Orca and Human Families
June is Orca Month. It is a time to celebrate these magnificent animals. But I’ve had a hard time celebrating anything this week, since I learned that the Trump administration has separated some 2,000 immigrant children from their parents.
I want to write about orca L92 (or Crewser), who was reported dead on Monday. He was a 23 year-old adult male, in his prime, and he most likely died of starvation. I want to remember him. I want to remind us all that we need to do everything we can to get these whales more salmon. Or we will lose them—forever. Without L92, there are only 75 Southern Resident orcas left. His family needs our support right now, more than ever.
But I struggle to write more than a few sentences about whales when small children sit in Office of Refugee Resettlement encampments and their parents are shipped away. I’m a mom of three small kids. My mind cannot stop imagining the terror of forced separation. How will these parents locked in a detention facility find their kids again? Who will help them?
As I sat down today to try, once again, to write about the loss of L92, I thought about the story of the Southern Resident orcas. In the 1960s and 1970s, men in boats and planes used explosives to drive these whales into shallow waters and capture them for marine parks and aquariums. Because the Southern Residents live close to shore, they were specifically targeted for these captures. Normally, these orcas live in close-knit, complex, and loving family units. Not so different from us. Calves stay with their mothers forever. But in the capture years, at least 45 Southern Resident orcas were torn from their families—many of them babies—and shipped around the globe where they were held in pens. The whale families have never recovered.
If you want to know more about the orca captures and the last living Southern Resident in captivity, check out the work of Orca Network and the Lummi Nation to return Lolita (aka Tokitae).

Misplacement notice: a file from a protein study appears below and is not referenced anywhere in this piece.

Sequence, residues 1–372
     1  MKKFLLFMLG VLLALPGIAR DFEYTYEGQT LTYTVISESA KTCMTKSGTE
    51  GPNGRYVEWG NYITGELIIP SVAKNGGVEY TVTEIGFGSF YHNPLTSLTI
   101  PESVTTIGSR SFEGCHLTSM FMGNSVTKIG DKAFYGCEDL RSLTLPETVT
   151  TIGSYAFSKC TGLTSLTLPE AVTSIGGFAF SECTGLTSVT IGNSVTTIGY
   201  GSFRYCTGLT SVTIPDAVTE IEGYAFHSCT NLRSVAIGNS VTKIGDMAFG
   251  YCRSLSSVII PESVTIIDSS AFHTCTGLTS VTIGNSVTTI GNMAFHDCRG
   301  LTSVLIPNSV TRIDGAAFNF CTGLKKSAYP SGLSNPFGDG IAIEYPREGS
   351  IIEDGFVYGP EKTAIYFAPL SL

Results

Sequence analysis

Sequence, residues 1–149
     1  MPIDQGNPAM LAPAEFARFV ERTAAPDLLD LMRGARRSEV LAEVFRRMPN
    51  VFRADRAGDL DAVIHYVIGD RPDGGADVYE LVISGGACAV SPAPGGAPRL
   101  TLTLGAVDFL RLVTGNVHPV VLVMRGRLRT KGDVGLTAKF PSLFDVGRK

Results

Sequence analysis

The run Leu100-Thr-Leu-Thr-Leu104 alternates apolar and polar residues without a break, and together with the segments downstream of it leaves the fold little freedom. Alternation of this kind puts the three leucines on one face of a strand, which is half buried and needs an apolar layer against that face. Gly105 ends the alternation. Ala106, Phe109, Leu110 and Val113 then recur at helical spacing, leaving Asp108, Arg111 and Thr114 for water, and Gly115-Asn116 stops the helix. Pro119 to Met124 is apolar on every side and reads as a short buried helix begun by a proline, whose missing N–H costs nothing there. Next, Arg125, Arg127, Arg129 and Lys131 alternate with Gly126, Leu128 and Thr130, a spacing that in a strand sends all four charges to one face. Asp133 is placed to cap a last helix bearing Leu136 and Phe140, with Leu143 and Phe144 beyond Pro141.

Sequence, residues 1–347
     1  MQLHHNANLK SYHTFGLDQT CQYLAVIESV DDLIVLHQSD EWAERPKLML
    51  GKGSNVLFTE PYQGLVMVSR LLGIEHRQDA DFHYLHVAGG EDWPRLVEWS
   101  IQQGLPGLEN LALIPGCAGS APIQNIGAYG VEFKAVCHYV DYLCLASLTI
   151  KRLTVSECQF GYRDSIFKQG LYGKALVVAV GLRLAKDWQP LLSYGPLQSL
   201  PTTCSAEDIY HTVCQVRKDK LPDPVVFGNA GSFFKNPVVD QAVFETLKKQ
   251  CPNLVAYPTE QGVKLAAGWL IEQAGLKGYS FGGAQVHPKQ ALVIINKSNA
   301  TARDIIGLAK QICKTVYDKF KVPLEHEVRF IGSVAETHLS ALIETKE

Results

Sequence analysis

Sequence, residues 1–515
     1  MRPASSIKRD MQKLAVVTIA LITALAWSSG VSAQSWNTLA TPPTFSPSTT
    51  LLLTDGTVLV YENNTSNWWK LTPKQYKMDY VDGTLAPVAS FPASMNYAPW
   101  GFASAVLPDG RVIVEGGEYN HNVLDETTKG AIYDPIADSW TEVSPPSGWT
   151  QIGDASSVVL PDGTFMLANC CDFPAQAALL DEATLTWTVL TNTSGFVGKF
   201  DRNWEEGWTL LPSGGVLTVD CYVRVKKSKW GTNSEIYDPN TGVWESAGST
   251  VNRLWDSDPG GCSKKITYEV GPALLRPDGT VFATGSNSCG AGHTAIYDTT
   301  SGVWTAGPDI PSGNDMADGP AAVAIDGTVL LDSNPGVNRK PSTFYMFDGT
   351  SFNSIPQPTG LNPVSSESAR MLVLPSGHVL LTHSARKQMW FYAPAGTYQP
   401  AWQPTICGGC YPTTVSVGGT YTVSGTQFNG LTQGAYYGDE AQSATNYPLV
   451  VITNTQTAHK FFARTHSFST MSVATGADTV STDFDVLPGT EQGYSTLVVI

When I remember all that, the connection between my favorite whales and the current atrocities at the border is not so hard to find.
I was at a gathering on the Snake River last summer when I heard Paul Cheoketen Wagner of the Vancouver Island Saanich tribe speak, and he said something like this: “If you disrespect the plant people, you will disrespect the animal people. If you disrespect the animal people, you will disrespect the human people. And if you disrespect the human people, you will disrespect yourself.” I believe that mistreatment spreads, and we must stop it on all fronts.
Today I am grieving for all the families who have been forcibly separated. I am giving to organizations on the front lines (for example the Florence Project) that are working to reunite families, and I am wishing I could do more. I am also speaking up for whales who can’t speak for themselves. You can join me in signing this petition to the new WA State Task Force for the whales. They need more salmon or more of them will starve to death. You can learn more about Orca Month here .
Above all, this time of challenges and sorrows makes me thankful for the helpers and the healers. I am deeply grateful for each of you that is spreading kindness in your own way today.